From PAUL OATES
Central Provence Governor Parkop has offered to be a 'peace broker' between those opposing the Malandina Amendment changes and Malandina. In this he has exhibited an example in the finest traditional manner of a PNG leader offering to sit down and talk a problem through. In this, he is to be commended.
What this offer unfortunately does however, is to cloud the 'central' issue to the extent it may be overlooked in an apparent public attempt to create harmony and prevent discord.
Also, can one assume that Governor Parkop, as a member of Parliament, originally voted for the amendment in the first place, since there were no dissenting votes? So could this be a veiled attempt to divert a show of solidarity against this legislation? If the planned protests do not go ahead, who will know what level of resistance there is against this Bill? Who can say there was any real attempt to stop this initiative from going forward? What is Governor Parkop's stated view on what he supports and what he doesn't? If there are to be no public demonstrations because it might disturb the flower beds, is this the new basis for preventing any future public gatherings?
There definitely needs to be a halt to the proposed Bill. But the Bill first needs to be withdrawn and then everyone take a step backwards. Proper, orderly and public debate can then take place by both the PNG government, the Opposition and all interested bodies before any changes are made to the PNG people's last line of defence against corruption and malfeance, there own Constitution.
from today's The National
Parkop volunteers to broker NGO meeting with Maladina
NCD Governor Powes Parkop has volunteered to organise a meeting between NGOs and Esa'ala MP Moses Maladina to discuss the proposed changes to "weaken" Ombudsman Commission powers.
Mr Parkop said yesterday he was playing the middleman because did not want to see the planned protest march led by NGO group, Community Coalition Against Corruption, go ahead.
He quashed suggestions that he was on a panel that was going to defend the proposed amendments suggested by Mr Maladina, who is the chairman of the select committee on the Ombudsman Commission.
"I have arranged for civil societies and non-governmental organisations to meet with Mr Maladina come to a solution.
"If they do not settle their differences here, then there is always room to continue their dialogue for the best way forward," Mr Parkop said.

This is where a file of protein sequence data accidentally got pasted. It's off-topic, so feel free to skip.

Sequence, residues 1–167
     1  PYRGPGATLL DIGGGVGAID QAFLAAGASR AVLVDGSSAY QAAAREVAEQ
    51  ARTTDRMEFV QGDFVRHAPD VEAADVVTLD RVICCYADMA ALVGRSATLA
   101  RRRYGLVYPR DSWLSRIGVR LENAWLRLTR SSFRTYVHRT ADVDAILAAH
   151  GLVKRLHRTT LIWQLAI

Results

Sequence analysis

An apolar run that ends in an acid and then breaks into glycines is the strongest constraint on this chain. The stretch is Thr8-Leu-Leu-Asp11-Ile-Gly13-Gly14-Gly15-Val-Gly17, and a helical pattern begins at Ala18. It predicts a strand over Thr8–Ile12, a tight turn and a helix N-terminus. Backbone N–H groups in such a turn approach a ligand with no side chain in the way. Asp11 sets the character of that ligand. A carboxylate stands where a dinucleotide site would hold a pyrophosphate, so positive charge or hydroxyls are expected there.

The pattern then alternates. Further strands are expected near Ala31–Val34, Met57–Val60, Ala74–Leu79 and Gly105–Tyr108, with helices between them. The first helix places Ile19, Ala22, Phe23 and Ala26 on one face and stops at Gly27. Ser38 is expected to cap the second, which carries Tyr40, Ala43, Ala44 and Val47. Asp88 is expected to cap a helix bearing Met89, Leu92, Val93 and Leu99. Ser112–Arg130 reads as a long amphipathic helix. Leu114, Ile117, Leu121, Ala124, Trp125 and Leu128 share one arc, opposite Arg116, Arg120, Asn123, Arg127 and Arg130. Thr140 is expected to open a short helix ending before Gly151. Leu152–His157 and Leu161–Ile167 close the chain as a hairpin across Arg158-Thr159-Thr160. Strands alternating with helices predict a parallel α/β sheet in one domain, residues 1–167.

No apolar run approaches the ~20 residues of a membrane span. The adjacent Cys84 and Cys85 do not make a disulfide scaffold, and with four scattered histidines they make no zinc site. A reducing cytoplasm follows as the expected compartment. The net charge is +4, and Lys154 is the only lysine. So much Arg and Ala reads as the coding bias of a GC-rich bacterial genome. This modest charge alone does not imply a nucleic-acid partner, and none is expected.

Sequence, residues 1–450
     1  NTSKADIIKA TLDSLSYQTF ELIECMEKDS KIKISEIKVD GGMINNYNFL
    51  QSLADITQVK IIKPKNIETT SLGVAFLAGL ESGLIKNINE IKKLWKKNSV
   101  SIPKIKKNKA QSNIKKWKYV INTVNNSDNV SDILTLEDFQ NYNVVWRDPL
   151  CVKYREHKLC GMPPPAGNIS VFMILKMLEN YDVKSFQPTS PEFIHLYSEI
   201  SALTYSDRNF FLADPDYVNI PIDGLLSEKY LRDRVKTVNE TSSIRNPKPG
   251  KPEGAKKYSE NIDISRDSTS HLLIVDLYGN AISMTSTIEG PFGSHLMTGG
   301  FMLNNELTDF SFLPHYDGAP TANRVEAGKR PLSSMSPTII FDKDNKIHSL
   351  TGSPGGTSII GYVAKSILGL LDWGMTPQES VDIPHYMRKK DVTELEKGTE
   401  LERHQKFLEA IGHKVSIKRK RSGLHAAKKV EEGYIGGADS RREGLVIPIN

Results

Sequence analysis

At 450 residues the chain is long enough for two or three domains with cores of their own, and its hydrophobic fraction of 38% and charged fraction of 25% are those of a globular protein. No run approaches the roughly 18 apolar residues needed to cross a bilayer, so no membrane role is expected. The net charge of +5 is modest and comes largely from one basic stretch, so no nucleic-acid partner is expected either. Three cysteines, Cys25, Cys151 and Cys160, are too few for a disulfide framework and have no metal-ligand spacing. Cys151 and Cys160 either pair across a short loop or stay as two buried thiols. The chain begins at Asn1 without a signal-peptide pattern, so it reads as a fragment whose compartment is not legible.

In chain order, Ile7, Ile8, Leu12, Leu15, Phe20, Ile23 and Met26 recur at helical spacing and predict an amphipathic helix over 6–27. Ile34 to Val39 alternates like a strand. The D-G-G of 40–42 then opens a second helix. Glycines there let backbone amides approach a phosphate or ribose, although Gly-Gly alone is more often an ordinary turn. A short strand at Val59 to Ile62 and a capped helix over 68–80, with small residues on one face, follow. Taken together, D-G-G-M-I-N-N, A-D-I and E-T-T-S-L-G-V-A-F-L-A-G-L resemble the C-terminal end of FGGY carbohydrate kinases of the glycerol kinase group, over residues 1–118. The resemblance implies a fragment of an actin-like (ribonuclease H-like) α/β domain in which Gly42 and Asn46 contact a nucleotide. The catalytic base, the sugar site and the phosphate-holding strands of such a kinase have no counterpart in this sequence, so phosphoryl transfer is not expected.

He said that he did not want Port Moresby residents to march or protest on the streets because a lot of money had been spent on Port Moresby's beautification "and we all know that people have the tendency to destroy things," he said.
Mr Parkop said the meeting would also allow for rational debates to be carried out without emotions and yelling and shouting.
"The proposed amendments all have merits and must be scrutinised properly. Some of them, I agree, should be changed and some I don't.
"The public need to know that, basically, more power will be given to the Ombudsman Commission than it had before".
"One such proposed amendment is for heads of departments to be closely scrutinised like Members of Parliament under the Leadership Code.
"This was opposed by the OC because they felt that they would now be doing the job of the Department of Personnel Management.
"This and the others all needed to be debated properly so that everyone understands what will happen next."
In the first voting of the proposed amendments, a majority of the MPs had voted for it only to see the public respond negatively.
It has been given a three-month period in which all public opinion be gathered for consideration and presentation for voting again in the next Parliament sitting after the three months.
"I appeal to the public not to stage protest marches. If nothing is resolved after today, and if their will be a petition for a next meeting, then I am willing to facilitate this again," Mr Parkop said.